My Mother always wanted to go to The Falkirk Wheel. My cousin Liz, was visiting from Oz in August 2013 – this was to be a family outing that we were all looking forward to. Sadly Mum passed away two weeks before her niece/goddaughter arrived. As a family we had a day out at the wheel. This photo was taken by Liz. It’s me, my hubby, Steve, my dad and liz’ hubby, Bob. Mum was sorely missed that day.
Me and my namesake – my sister/cousin Liz. On our way to Orkney in 2013. We went on this trip against medical advice – I had a capsule camera inside me that had gone awry – all good – four days later I passed it. We had a wonderful time, this is a place I yearn to go again. We Visited Orkney one month after the death of my beautiful Mum.
Mum, dad and me at their diamond wedding anniversary meal. April 2013. Sitting at my Mothers side I felt so comfortable. At the meal there was my parents, my hubby, my two sisters their husbands, my two brothers and their wives. My mum had trouble with her breathing and was slow in walking, but I would never have thought she would have left this earth 4 months later. Mum was diagnosed with lung cancer nine and a half years previous. She gave up smoking instantly, undergone major surgery – a lobectomy. She was very brave. Mum fought hard. Her reward for not smoking and fighting the cancer with all her might was a further nine and a half years of life. I know I’m biased but my mother was a kind happy lady, she lit up a room when she walked in. I could tell her anything, I still talk to her when I’m alone. When mum was here I spoke to her everyday, that’s what I miss most – the phone call in the morning. The one where we would exchange stories and both tell long winded tales. My heart still skips a beat at the sound of the telephone ringing before 9am. I’m the youngest of five, mum had time for us all. She gave us all advice, love and reassurance. My mother had a big heart and had time for everyone. She had many friends. Mum and dad travelled- loved their holidays together and always came home
with additional names in the address book. She loved music and often you would walk into the house and mum would have the hifi on and she would be singing at the top of her voice. At a party mum was always on the dance floor. Mum wasn’t a complainer – I guess that’s probably why we didn’t realise how Ill she was. When mum was admitted to the hospital for the last time it was the day before my birthday. Her oxygen sats were low at 75. Her blood tests were not good. The doctor was blunt and told us it was highly unlikely that she would get home. The day of my birthday the rest of the family visited in the afternoon and left Steve and I to visit in the evening. Steve got a pick and mix. Mums eyes lit up. Oh I fancy that cola cube she said. Perched on the edge of the bed mum sucked the sweetie. She sucked the flavour and enjoyed it – then Steve took a napkin and held it to mums mouth – mum dropped the sweetie out and smiled. I enjoyed the the suck and flavour, just can’t swallow the damn thing. Mum looked ill, old and fragile – far from the well groomed lady that I was used to seeing. Mum placed her hand in mine ‘you look tired babe’ she said, ‘you need to get her to bed Steve’. ‘I’m fine, I’m more concerned how you are’ I answered. ‘Nonsense, I’m just old and ready for a new place, and you’re not well’ mum chipped back. That’s the kind of mum I had, putting us first right to the end. Up until about a year before my mum died my mum and dad accompanied me to some of my hospital appointments. Once I got put on the octreotide treatment injection some of my symptoms improved – the first time my mum saw my consultant after this in the cafe In the hospital she went up to him and shook his hand and thanked him for everything he has done for me. He was beaming. We sang on the way home In the car that day. I miss my mum so much.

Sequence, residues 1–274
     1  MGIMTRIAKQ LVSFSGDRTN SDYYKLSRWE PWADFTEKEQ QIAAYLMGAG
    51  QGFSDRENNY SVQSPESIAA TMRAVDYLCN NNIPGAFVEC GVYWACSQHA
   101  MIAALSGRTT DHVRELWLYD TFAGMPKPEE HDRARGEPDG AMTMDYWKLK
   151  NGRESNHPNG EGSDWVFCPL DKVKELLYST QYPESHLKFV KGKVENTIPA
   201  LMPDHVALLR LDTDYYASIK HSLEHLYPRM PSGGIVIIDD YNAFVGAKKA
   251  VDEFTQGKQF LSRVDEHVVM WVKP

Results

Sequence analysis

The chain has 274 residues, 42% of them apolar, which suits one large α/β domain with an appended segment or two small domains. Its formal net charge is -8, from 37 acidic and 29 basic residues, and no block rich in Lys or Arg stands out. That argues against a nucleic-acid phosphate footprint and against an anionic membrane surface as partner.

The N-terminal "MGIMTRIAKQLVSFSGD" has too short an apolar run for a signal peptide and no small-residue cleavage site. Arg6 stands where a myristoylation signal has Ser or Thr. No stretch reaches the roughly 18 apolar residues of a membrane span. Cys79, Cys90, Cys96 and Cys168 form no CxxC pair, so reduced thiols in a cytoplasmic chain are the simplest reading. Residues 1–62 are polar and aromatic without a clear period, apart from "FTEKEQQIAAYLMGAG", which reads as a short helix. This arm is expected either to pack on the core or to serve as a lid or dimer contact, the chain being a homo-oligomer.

Steve, Brian and Margaret on the ferry from Ibiza town to Cala llonga. We had a fantastic holiday together. Brian and Margaret shared many of their personal experiences of the island with us – for that I cannot thank them enough 😀
Tony and Louis on Easter Sunday when the children were christened. Tony is Louis’s God Father. The priest did a beautiful service. Louis has many mannerisms similar to Tony. They idolise each other and I believe will be there for each other for all their lives. Louis asked his mum Lindsay the other day what i did when I worked. When she told him, he replied with I think my auntie loves Lizzie should be an artist – she would be great at it. I havent asked what his reaction was the career I did follow and I’m not too sure what he would make about me talking about testicles and once in a national newspaper being referred to as ‘The ball lady’
This is me and Elaine. Elaine is from Cornwall, she has neuroendocrine cancer and carcinoid syndrome. I met her through social media. We first started chatting on Facebook. When Elaine was visiting relatives 80 miles from my home whilst on holiday we arranged for her to come over to mine for a spot of lunch and a blether. Despite chatting online we had so much to talk about. Time sped by. This was the start of a beautiful friendship.
When in London . As well as attending the hospital in Edinburgh and seeing a very good Net specialist. I get seen by Professor Martyn Caplin at the neuroendocrine tumour unit at the Royal Free Hospital in London. Steve and I try and make the best of every situation. It’s tiring travelling – we take in an extra day or two and visit some sights. We usually travel the 400 miles by train.